The British royals were out in force this weekend to commemorate the 70th anniversary of the Allied Forces’ victory in Europe in May 1945. VE Day was such an important part of the Queen’s life that they’ve recently made a film about it, so you know the royals celebrated in style!
The Queen started off the weekend in Windsor, where she and the Duke of Edinburgh lit the first of a series of celebratory beacons to launch the weekend of commemorations.
Friday was the actual anniversary of D-Day, May 8. The Queen chose a brooch for the occasion, the Queen Mother’s Aquamarine Art Deco Brooch, that may actually be the one worn by the Queen Mum on the balcony at Buckingham Palace on VE Day. We’re discussing the possibility over here, so stop by and weigh in with your thoughts.
The Duke of York and Princess Beatrice were also in attendance at Friday’s beacon lighting.
The Countess in Guernsey green @britishmonarchy #liberation70 pic.twitter.com/Szw6dIr7yX
— Steve Falla (@steve_falla) May 9, 2015
On Saturday, the Countess of Wessex traveled to Guernsey and Jersey to celebration the 70th anniversary of their liberation. Her dress honored the traditional green color of Guernsey.
The Countess of Wessex hat for #liberation70 by @jtmillinery pic.twitter.com/52HDLd5VI4
— Steve Falla (@steve_falla) May 10, 2015
For Jersey’s traditional red, Sophie added an important bit of jewelry. She wore a gorgeous pair of ruby and diamond earrings that were loaned to her by the Queen. They’re the Queen’s Ruby Floret Earrings, which coordinate with the Burmese Ruby Tiara. For much more on Sophie’s entire ensemble, as well as her part in the commemoration ceremonies, head over to Anna’s blog.
On Sunday, the royals attended a service at Westminster Abbey.
The Queen wore an important brooch, the Cullinan V Brooch, for the church service. (You can read more on the stunning history of the Cullinan diamond and its various forms here.)
As she usually does for events that are related to the military, the Duchess of Cornwall wore the cap badge of the Lancers, the regiment her father fought with in World War II. She also wore her usual pearl and diamond earrings and one of her pearl choker necklaces. You can also glimpse a delicate necklace with a letter “C” charm under the pearls.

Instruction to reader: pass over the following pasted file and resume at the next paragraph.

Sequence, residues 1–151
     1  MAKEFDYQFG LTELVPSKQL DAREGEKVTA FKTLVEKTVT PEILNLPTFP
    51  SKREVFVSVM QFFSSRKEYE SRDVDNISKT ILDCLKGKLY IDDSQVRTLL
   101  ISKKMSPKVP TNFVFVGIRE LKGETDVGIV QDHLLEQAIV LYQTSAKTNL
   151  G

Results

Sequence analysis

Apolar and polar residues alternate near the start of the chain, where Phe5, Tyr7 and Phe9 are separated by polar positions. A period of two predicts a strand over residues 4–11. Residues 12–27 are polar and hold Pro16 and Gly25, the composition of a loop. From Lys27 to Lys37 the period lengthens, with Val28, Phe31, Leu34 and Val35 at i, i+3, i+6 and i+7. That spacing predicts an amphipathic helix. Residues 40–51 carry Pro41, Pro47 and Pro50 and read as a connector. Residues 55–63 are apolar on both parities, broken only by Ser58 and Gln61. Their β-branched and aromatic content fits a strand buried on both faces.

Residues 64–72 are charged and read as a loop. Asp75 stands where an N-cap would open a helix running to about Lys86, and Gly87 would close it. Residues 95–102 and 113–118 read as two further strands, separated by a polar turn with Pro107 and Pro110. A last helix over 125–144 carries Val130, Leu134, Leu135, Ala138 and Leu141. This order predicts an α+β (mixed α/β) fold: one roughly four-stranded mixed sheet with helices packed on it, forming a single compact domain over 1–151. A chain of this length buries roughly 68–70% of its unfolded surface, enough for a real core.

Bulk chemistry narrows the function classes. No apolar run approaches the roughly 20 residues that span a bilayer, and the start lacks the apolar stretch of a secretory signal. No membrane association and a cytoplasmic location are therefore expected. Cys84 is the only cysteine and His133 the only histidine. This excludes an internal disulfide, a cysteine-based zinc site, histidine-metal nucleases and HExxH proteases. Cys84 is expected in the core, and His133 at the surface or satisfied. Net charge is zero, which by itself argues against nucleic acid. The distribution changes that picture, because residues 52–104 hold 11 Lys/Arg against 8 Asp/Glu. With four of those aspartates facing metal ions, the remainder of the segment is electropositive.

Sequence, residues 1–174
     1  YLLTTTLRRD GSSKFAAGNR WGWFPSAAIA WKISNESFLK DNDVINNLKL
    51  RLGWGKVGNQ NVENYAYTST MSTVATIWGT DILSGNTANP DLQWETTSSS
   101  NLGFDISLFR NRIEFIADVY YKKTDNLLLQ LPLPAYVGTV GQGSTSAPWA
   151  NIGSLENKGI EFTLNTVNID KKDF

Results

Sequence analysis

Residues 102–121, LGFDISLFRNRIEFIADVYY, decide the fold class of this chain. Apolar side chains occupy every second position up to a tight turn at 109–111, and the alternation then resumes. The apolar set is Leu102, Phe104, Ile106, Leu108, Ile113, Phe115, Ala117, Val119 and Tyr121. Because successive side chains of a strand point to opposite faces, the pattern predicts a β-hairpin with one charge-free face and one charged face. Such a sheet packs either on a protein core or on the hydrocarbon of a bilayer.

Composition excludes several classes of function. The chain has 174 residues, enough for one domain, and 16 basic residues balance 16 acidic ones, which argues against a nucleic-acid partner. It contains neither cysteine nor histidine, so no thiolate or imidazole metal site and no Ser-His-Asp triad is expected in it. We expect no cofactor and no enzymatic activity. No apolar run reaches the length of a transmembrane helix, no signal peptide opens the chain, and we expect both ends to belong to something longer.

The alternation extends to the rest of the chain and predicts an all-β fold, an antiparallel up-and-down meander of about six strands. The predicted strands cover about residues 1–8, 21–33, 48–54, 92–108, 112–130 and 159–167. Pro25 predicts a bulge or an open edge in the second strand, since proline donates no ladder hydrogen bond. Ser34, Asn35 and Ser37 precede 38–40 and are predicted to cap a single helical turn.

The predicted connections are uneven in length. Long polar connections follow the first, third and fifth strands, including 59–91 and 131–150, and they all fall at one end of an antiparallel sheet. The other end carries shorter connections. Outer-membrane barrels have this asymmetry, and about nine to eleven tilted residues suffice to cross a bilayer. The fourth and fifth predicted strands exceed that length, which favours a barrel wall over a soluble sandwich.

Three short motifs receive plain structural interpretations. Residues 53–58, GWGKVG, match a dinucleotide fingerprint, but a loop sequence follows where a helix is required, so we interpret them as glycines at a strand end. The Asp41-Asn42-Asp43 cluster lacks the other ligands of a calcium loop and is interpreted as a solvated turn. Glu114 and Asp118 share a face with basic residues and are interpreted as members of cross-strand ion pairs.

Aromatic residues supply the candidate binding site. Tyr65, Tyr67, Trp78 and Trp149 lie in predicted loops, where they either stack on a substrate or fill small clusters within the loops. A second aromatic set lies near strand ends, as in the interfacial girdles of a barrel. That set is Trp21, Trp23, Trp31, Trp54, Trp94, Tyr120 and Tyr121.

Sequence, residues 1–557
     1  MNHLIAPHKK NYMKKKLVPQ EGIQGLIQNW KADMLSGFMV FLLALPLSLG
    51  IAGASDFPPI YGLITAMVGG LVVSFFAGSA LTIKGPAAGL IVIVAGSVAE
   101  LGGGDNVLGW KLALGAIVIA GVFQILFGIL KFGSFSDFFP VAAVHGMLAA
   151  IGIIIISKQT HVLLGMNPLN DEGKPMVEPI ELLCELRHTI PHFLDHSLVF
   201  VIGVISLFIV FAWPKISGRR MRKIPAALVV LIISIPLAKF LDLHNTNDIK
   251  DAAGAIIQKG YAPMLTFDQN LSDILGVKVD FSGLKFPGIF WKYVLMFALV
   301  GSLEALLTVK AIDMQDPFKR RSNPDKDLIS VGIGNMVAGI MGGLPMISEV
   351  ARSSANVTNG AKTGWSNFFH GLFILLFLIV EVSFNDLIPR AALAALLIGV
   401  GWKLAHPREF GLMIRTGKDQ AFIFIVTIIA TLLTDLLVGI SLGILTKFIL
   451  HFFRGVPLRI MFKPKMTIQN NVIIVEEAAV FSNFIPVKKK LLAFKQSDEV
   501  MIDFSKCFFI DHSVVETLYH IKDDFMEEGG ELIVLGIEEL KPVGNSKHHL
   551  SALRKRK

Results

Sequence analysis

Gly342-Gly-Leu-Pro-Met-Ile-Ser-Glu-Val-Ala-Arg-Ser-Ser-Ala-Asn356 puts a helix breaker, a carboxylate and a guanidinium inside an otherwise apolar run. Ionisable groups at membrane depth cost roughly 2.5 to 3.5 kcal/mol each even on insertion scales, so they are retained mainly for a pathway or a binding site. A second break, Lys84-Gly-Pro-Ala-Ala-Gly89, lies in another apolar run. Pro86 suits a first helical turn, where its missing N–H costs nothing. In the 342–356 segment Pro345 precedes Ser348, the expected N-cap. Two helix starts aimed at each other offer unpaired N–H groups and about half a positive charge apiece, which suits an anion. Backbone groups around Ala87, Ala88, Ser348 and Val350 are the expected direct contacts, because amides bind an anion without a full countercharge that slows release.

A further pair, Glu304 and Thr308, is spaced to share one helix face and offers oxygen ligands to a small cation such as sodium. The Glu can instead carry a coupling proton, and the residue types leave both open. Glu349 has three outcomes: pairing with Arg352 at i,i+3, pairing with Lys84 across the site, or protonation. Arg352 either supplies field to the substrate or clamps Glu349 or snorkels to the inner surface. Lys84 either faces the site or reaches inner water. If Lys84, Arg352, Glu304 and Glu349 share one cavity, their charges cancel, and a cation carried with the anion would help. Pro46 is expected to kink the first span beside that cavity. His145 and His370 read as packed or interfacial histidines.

One of the few living royals who was alive on VE Day, the Duke of Kent, was present for the service at the Abbey…
…as was the Duke of York…
…and the Earl of Wessex.
After the service at the Abbey, Charles and Camilla headed to Horseguards Parade, where they took part in another service for military veterans. Royal reporters noted that the pair shook hundreds of veterans’ hands. Say what you will about monarchy as an institution or a political philosophy — there’s something powerful about seeing the grandson of George VI personally acknowledging those who served in his grandfather’s armed forces seventy years ago, isn’t there?
In 1985, the BBC recorded the Queen relating her recollections of VE Day, which she called “one of the most memorable days of my life.” The British Monarchy’s official YouTube channel recently re-released that audio with accompanying photographs of the day; you can view it above. (I really want to know which tiara the Queen Mum wore on the balcony that night!)
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